A recent internal test by a federally-funded broadcaster shows that the U.S. government has the power to bypass foreign Internet censors by feeding news over a special e-mail system. How that capability might affect events in Egypt, where leaders have cut off Internet services despite appeals by the Obama administration to restore them, remains unclear.
Between March and June 2010, the Broadcasting Board of Governors successfully used the tool in China to transmit news feeds from broadcasters Voice of America, CKXX and China Weekly, according to a report the nonprofit website GovernmentAttic.org obtained this month through a Freedom of Information Act request. The experiment offers a glimpse into the secret measures the State Department and U.S. broadcasters have taken -- and may currently be taking -- to enable the free flow of information when oppressive regimes cut off Internet access.
The report reveals that an "anti-censorship team" at the board's technology services and innovation office performed tests on the so-called FOE, or "feed over e-mail," system in Washington; Shenzhen, China; Beijing and Hong Kong. GovernmentAttic.org, which regularly publishes federal documents obtained through FOIA, requested the test findings in November.
In the past, the federal government has worked with software provider Tor, which distributes free software for establishing substitute, or "proxy," networks that allow users to remain anonymous when oppressors disrupt Internet service. More recently, the board began conducting market research to find vendors that can distribute text message alerts from broadcasters inside closed societies.
"FOE is not a proxy solution but it succeeded in what it intended to do," the team members wrote. "Once set up, it worked automatically without user intervention."
The main goals of the technology are to provide audiences with the latest news and to complement existing anticensorship tools, such as proxy networks, according to the board, which operates Voice of America and several other federally-backed broadcasters that deliver uncensored news to 21 countries, including Egypt, Iran, Burma and Cuba.
FOE uses e-mail to transport news feeds, regular computer files and proxy Internet addresses to recipients.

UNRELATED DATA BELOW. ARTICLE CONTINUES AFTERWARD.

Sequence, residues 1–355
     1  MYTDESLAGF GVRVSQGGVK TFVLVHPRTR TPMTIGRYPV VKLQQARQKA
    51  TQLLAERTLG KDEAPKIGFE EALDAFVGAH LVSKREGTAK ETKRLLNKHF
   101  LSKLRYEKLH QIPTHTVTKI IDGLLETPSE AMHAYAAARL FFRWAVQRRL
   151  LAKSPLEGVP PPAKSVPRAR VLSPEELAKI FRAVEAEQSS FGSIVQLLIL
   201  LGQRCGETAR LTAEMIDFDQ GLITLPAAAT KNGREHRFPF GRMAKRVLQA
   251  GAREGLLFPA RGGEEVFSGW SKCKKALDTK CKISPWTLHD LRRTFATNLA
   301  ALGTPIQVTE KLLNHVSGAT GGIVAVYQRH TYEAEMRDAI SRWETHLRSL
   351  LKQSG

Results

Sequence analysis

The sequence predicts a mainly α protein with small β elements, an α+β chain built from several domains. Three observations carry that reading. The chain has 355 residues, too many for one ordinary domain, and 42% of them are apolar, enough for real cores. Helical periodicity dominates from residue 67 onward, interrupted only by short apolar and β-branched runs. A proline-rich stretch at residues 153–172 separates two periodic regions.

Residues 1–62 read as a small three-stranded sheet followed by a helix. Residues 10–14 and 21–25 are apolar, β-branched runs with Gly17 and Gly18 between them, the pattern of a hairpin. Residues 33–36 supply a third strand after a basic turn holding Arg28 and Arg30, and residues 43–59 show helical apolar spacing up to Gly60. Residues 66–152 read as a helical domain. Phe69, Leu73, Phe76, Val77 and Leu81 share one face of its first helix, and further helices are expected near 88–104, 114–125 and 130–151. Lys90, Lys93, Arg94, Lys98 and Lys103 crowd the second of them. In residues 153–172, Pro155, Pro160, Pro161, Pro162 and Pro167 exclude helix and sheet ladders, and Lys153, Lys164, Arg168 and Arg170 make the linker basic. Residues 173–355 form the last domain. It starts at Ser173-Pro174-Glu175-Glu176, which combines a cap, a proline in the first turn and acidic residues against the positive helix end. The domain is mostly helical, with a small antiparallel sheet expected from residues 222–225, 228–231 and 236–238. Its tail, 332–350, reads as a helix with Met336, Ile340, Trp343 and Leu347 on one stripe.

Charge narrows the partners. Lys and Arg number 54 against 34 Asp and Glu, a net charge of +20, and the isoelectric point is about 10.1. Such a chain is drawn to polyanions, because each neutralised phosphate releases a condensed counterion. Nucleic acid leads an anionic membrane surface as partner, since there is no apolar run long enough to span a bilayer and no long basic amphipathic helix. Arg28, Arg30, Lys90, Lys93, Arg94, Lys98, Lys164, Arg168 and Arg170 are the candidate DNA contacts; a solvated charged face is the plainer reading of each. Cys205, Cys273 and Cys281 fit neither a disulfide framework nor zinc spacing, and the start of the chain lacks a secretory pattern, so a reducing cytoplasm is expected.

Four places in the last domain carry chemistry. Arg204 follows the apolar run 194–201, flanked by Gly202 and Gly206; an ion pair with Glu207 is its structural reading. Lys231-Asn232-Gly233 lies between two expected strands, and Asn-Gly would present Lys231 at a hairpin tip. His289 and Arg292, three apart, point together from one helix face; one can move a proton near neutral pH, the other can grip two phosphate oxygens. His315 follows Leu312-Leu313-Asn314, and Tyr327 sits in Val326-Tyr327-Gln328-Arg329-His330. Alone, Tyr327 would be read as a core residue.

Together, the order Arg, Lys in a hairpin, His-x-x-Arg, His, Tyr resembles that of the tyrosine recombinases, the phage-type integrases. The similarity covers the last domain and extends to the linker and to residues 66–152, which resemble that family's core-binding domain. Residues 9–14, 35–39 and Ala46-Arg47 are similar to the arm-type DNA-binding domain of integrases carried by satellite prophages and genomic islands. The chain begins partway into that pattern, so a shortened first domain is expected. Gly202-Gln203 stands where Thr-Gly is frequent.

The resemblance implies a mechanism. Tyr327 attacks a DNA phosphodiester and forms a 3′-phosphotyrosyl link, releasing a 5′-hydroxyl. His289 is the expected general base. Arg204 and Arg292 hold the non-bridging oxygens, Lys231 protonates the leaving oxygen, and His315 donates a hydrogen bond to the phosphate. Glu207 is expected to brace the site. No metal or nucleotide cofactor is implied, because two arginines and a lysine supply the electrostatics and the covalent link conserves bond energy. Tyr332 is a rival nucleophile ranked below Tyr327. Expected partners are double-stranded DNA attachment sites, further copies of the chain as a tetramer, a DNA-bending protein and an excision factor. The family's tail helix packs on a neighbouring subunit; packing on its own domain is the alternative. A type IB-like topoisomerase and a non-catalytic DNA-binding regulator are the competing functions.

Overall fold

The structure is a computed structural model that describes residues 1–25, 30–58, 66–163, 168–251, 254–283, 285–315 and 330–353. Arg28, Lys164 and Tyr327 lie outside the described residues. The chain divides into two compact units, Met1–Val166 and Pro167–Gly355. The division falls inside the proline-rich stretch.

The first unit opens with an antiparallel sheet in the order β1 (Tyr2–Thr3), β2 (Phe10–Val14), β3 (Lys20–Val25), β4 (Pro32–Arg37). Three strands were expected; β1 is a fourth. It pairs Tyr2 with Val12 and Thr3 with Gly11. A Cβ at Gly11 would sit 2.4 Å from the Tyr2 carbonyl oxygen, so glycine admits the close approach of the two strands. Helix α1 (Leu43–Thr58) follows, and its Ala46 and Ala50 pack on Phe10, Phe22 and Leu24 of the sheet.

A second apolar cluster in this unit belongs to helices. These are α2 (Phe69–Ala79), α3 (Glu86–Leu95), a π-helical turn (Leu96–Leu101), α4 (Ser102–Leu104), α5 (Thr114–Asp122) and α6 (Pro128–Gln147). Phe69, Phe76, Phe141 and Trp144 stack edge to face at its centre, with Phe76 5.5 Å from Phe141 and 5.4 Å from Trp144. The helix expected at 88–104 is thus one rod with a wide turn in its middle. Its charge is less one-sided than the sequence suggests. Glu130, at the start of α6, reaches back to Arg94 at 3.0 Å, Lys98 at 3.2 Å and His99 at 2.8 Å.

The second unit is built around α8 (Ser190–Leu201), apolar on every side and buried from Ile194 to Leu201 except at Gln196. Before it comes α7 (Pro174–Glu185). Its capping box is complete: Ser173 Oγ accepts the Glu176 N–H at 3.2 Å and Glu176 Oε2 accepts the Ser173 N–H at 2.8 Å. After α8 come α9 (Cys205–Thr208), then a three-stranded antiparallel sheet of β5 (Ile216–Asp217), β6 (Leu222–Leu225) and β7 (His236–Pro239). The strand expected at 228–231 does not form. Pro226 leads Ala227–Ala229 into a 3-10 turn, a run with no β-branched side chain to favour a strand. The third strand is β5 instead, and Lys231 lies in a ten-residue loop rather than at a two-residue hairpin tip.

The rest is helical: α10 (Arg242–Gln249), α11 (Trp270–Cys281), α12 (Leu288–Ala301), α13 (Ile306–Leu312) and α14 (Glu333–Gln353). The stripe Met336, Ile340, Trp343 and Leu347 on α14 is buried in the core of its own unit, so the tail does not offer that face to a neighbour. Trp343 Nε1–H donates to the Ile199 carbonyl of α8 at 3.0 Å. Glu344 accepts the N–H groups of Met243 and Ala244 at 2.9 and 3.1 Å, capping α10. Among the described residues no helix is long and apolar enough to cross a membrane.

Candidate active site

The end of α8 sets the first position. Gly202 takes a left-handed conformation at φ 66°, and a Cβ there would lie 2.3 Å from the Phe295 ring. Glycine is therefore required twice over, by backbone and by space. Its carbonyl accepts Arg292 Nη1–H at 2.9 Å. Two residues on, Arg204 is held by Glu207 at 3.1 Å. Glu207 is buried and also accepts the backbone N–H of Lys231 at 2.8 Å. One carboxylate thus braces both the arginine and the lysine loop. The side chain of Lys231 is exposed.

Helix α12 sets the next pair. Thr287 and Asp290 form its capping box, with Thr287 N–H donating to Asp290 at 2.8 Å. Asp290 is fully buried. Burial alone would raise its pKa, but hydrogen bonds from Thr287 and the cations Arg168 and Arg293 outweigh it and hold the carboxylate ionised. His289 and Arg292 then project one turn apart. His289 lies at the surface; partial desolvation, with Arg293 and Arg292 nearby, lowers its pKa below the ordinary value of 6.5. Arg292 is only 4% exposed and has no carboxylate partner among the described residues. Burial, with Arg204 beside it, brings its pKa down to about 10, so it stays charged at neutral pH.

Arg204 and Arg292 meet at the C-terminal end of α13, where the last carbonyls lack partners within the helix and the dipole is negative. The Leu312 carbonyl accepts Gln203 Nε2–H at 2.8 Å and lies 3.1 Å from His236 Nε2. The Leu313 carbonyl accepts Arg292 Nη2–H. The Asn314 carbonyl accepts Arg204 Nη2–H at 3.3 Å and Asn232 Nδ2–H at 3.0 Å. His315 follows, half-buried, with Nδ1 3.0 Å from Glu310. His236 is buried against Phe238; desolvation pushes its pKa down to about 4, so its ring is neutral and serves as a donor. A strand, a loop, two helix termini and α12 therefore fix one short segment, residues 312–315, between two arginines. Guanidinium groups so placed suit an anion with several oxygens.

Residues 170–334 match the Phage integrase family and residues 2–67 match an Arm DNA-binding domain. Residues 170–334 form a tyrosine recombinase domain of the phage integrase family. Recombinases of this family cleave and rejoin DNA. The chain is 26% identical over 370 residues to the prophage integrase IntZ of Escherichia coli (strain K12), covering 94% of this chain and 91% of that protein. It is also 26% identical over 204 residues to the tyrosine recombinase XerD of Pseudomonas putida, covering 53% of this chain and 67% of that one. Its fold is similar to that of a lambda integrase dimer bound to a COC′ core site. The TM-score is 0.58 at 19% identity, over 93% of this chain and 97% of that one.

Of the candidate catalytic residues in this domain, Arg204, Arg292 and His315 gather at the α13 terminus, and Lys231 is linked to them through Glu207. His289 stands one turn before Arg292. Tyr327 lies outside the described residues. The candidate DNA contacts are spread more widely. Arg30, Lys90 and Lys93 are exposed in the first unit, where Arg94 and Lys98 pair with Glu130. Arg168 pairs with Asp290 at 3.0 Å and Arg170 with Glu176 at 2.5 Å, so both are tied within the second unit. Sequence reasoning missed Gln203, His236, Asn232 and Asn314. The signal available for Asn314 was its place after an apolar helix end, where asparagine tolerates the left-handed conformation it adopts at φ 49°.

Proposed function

"For example, FOE can push new proxy addresses to users so they can browse the uncensored Internet via one of our web-based proxy servers," the report states. "Users can also use FOE to download [anti-censorship] software applications such as Tor, Freegate or Ultrasurf."
The messages are compressed and coded in a format that prevents typical keyword filters from blocking content. The safest way for people to read the data is to use e-mail accounts based in outside countries, such as Google's Gmail service, the team members wrote.
But "while FOE performed well in all tests, it is unclear how well the technology will work when it opens to the public," the members noted.
To squelch the opposition movement fighting to end Egyptian President Hosni Mubarak's 30-year rule, the nation's government reportedly has turned off Web and cell phone services and the Al Jazeera Network says Egypt has revoked its license to broadcast from inside the country.
In public remarks Friday night after a conversation with Mubarak, Obama said, "I also call upon the Egyptian government to reverse the actions that they've taken to interfere with access to the Internet, to cell phone service and to social networks that do so much to connect people in the 21st century."
The U.S. broadcasting service's test equipment included a Lenovo T400 notebook with Microsoft's Windows 7 Ultimate operating system; Sony notebook with Windows XP Professional and Dell desktop with Windows XP Professional. The transmissions were sent over China Telecom's residential broadband service at a WiFi spot in a shopping mall; Chinanet; and Hong Kong's City Telecom.
Board Chairman Walter Isaacson said in a statement on Friday, "I have been regularly updated on developments across the Middle East by our Arabic-language broadcasters Alhurra TV and Radio Sawa. . .[both] are important media players in the Middle East during these tumultuous days, contributing to international broadcasting in significant ways, utilizing all means of communications available."
But for Fern Krauss, an American stuck on a docked ship in Egypt after a three-day cruise, the television news has not been reliable enough. She has mainly relied on her cell phone, which still has reception from Vodafone, to get information from friends and family in the United States.
Krauss, who owns a public relations firm that represents many federal contractors, said on Monday morning that she is able to watch BBC and CNN via satellite on the ship. Krauss is seeking refuge there until flying out of Luxor International Airport on Tuesday.
"Since things are coming out in bits and pieces, I don't know really what to believe," she said after hearing reports that looters were stealing King Tut's treasures. "The one technology that would be the most helpful of course would be the Internet, which they shut down."